However, the new president Zelensky has criticised the norm, as "the state must favour the development of the Ukrainian language through the creation of positive inputs and examples, not with prohibitions and sanctions". We'll see if in the coming months his presidency will actually choose to review this recent legislation on linguistic matters.
Why a law on language
Article 10 of the Ukrainian Constitution, in force since 1996, states that Ukrainian is the only official language of the country; at the same time, it guarantees the development, protection, and freedom of use of Russian and other national minority languages.
In 2012, however, the Janukovič government, backed by the Party of Regions at the time, introduced the concept of "regional language" for areas (regions or cities) where a minority of more than 10% of residents speaks a language other than Ukrainian. According to this provision, in these territories the regional language enjoys the same status as Ukrainian and can be used as a vehicular language in schools and local administrative bodies. Russian was consequently recognised as a "regional language" in the regions of Donetsk, Luhansk, Kharkiv, Zaporižžja, Cherson, Mykolaïv, Dnipro, Odessa, Crimea, and in some cities. The law signed by Janukovič was immediately strongly criticised by both the internal opposition and European bodies such as the Venice Commission.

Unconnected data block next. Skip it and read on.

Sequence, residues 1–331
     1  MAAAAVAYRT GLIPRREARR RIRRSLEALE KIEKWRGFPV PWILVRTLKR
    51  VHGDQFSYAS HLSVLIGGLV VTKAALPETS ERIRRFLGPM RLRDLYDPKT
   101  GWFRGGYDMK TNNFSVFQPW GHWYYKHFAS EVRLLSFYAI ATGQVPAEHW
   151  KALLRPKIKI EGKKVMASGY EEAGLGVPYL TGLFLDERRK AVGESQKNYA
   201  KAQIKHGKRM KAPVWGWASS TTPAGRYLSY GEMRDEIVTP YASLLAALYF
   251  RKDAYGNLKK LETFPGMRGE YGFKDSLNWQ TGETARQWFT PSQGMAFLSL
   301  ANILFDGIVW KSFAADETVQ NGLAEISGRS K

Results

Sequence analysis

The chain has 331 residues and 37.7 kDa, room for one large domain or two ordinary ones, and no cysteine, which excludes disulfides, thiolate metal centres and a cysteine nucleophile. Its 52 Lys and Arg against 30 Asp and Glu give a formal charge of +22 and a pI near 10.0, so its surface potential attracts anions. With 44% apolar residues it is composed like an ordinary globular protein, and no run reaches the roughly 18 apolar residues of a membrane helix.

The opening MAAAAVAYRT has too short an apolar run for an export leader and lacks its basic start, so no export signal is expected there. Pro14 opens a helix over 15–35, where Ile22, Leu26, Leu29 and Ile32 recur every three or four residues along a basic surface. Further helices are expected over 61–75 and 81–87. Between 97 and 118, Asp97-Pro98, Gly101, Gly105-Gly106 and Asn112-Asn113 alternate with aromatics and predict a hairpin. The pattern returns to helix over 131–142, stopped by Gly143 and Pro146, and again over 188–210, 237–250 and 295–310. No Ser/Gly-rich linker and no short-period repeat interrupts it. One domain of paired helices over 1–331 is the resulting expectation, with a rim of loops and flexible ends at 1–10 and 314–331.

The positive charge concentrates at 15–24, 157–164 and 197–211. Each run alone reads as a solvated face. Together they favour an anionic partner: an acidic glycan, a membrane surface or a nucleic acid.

Questioned especially in the aftermath of Euromaidan in 2014, this legislation was definitively decreed unconstitutional by the Ukrainian Constitutional Court in 2018.